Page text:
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Painting Destined for Hitler’s Museum Returned to Rightful Owners
J.S. van Ruysdael’s “Wooded Landscape with Herd Near a Pond” restituted to the Heirs of Max Rothstein

June 14, 2007

Ruysdale painting

New York, N.Y.:  The New York State Banking Department’s Holocaust Claims Processing Office (HCPO) announced today the return of Jacob Salomonsz van Ruysdael’s “Wooded Landscape with Herd Near a Pond” (1655) to the children and heirs of Max (Markus Meyer) Rothstein.  The Ruysdael painting is one of many works of art Mr. Rothstein was forced to sell or leave behind when fleeing Nazi persecution in Germany and the Netherlands.

The HCPO discovered the Rothsteins’ missing Ruysdael on the Origins Unknown website, which lists the provenance of artworks in the Nederlands Kunstbezit-collectie (NK Collection). The NK Collection consists of approximately 4,500 objects that the Netherlands recuperated primarily from Germany at the end of World War II, which have remained in the Dutch government’s custody because the original owners could not be identified and/or located.

In 2001, Marianne Barbanell, and her brother, Fred H. Rothstein, the sole surviving children and heirs of Max Rothstein filed an art restitution claim with the HCPO, a division of the New York State Banking Department.  For the past six years, the HCPO has worked closely with the Rothstein heirs to identify and locate their father’s missing paintings and miniatures. The Ruysdael painting is the first work to be restituted to the family.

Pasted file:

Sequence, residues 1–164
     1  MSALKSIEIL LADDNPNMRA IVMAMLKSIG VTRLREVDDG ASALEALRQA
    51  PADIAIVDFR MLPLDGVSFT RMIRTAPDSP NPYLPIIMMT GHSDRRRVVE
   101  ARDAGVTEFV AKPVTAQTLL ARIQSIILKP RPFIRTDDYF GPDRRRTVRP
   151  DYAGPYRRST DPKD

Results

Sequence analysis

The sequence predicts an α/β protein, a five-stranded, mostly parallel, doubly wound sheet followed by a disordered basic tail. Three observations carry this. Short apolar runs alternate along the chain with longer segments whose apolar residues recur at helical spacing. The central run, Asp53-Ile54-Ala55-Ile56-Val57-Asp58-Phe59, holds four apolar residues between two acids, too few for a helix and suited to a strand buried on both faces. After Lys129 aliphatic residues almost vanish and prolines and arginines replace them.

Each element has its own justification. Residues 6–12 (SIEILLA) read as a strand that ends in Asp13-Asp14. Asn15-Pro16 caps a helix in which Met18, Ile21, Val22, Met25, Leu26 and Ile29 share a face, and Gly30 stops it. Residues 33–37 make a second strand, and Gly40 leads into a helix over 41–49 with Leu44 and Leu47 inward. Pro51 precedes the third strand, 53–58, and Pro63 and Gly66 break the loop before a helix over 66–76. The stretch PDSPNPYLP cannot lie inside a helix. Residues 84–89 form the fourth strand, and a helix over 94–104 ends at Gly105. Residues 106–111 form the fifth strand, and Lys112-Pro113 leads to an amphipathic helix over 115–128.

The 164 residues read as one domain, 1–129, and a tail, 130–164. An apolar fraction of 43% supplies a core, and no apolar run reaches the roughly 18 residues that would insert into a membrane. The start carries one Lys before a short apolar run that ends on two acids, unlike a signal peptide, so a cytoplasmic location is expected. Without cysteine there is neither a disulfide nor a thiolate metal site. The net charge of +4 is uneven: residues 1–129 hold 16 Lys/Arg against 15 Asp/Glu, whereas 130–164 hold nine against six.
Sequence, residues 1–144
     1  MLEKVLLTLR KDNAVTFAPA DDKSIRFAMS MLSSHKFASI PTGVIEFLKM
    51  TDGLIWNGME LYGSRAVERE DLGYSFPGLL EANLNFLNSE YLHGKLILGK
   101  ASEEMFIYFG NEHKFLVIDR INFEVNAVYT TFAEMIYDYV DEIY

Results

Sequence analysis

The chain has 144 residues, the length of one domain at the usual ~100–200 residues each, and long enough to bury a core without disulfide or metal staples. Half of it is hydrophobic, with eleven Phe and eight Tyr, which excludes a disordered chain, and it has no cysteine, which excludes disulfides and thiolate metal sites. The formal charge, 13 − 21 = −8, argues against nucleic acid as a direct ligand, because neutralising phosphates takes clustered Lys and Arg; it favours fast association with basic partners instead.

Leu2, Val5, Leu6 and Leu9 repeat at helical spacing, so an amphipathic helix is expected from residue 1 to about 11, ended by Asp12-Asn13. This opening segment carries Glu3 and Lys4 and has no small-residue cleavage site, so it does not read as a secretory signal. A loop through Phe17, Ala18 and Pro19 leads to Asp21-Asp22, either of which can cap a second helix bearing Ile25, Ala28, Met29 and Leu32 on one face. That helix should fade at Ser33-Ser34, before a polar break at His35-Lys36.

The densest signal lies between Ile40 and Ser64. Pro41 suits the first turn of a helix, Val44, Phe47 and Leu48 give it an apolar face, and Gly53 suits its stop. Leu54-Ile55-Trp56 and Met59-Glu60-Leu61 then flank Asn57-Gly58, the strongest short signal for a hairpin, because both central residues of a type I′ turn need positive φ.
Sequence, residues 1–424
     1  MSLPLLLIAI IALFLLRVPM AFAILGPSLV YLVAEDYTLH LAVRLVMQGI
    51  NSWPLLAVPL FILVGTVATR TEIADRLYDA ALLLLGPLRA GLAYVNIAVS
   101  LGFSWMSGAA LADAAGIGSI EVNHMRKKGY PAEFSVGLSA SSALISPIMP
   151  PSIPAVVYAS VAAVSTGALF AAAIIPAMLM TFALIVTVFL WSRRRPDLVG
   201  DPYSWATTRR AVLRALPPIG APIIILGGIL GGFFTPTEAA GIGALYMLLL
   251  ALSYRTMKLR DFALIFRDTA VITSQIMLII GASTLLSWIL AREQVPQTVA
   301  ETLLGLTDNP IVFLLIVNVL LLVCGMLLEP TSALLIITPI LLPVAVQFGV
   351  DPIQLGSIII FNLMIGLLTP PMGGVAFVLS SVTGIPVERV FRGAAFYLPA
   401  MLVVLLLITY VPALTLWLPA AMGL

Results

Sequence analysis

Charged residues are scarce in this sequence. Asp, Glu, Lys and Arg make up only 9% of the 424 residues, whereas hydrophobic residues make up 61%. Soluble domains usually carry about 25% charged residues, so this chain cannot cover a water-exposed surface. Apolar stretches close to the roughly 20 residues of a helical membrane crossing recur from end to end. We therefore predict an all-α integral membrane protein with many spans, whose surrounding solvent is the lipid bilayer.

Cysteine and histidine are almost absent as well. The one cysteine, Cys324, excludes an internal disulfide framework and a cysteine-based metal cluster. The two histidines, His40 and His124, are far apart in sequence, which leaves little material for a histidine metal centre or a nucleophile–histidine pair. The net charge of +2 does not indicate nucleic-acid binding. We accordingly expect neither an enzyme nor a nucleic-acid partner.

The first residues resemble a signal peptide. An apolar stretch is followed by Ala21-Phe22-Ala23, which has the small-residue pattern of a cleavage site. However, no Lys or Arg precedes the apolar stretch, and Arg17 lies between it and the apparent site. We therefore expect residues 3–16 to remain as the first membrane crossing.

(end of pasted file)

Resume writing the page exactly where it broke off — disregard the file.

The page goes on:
New York State Banking Superintendent Richard H. Neiman said, “It gives me great pleasure to see this painting returned to the rightful owners. The recovery of this piece was a culmination of the hard work and dedication of the HCPO team, and their partnerships with organizations both here in the United States and in the Netherlands.”

Max and Margot Rothstein
Max and Margot Rothstein

Max Rothstein was a decorated Jewish Austro-Hungarian veteran of World War I, successful banker, and a collector of paintings, miniatures, antique ivory figures, first edition books and Persian rugs.  Before World War II, he lived with his wife (Margot) and children (Marianne and Fred) in a luxury apartment in Berlin.  After the NSDAP’s rise to power in 1933, the Rothstein family suffered from Nazi persecution.  They were ordered to move from their home and Mr. Rothstein’s annual earnings were drastically cut.  In December 1937, Mr. Rothstein was forced to resign from his position as manager and co-owner of Willy Rosenthal Jr. & Co.  Soon after, the Nazis shut down his business.  As a result, in 1938 the Rothstein family emigrated from Berlin and tried to reestablish themselves in Amsterdam.